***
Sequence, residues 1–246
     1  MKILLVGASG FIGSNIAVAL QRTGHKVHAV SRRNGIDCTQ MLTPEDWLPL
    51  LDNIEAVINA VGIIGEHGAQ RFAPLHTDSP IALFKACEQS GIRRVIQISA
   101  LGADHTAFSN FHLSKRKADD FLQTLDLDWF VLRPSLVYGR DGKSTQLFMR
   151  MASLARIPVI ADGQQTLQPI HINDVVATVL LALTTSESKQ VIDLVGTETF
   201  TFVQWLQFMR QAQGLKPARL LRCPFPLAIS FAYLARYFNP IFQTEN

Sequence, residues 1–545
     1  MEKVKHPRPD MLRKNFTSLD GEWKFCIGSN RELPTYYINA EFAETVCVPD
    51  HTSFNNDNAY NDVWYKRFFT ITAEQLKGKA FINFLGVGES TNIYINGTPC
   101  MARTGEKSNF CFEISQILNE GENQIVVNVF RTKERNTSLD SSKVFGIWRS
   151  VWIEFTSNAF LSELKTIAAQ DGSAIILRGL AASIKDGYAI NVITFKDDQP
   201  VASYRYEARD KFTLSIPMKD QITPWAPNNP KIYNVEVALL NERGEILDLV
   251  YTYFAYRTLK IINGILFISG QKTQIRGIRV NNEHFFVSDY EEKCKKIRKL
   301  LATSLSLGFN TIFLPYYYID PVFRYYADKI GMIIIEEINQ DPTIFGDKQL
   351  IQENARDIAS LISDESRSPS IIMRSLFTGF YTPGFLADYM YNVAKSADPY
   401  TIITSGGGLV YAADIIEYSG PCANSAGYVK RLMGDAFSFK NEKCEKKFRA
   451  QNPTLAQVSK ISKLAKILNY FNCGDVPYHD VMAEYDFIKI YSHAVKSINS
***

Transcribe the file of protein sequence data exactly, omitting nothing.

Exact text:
Sequence, residues 1–246
     1  MKILLVGASG FIGSNIAVAL QRTGHKVHAV SRRNGIDCTQ MLTPEDWLPL
    51  LDNIEAVINA VGIIGEHGAQ RFAPLHTDSP IALFKACEQS GIRRVIQISA
   101  LGADHTAFSN FHLSKRKADD FLQTLDLDWF VLRPSLVYGR DGKSTQLFMR
   151  MASLARIPVI ADGQQTLQPI HINDVVATVL LALTTSESKQ VIDLVGTETF
   201  TFVQWLQFMR QAQGLKPARL LRCPFPLAIS FAYLARYFNP IFQTEN

Sequence, residues 1–545
     1  MEKVKHPRPD MLRKNFTSLD GEWKFCIGSN RELPTYYINA EFAETVCVPD
    51  HTSFNNDNAY NDVWYKRFFT ITAEQLKGKA FINFLGVGES TNIYINGTPC
   101  MARTGEKSNF CFEISQILNE GENQIVVNVF RTKERNTSLD SSKVFGIWRS
   151  VWIEFTSNAF LSELKTIAAQ DGSAIILRGL AASIKDGYAI NVITFKDDQP
   201  VASYRYEARD KFTLSIPMKD QITPWAPNNP KIYNVEVALL NERGEILDLV
   251  YTYFAYRTLK IINGILFISG QKTQIRGIRV NNEHFFVSDY EEKCKKIRKL
   301  LATSLSLGFN TIFLPYYYID PVFRYYADKI GMIIIEEINQ DPTIFGDKQL
   351  IQENARDIAS LISDESRSPS IIMRSLFTGF YTPGFLADYM YNVAKSADPY
   401  TIITSGGGLV YAADIIEYSG PCANSAGYVK RLMGDAFSFK NEKCEKKFRA
   451  QNPTLAQVSK ISKLAKILNY FNCGDVPYHD VMAEYDFIKI YSHAVKSINS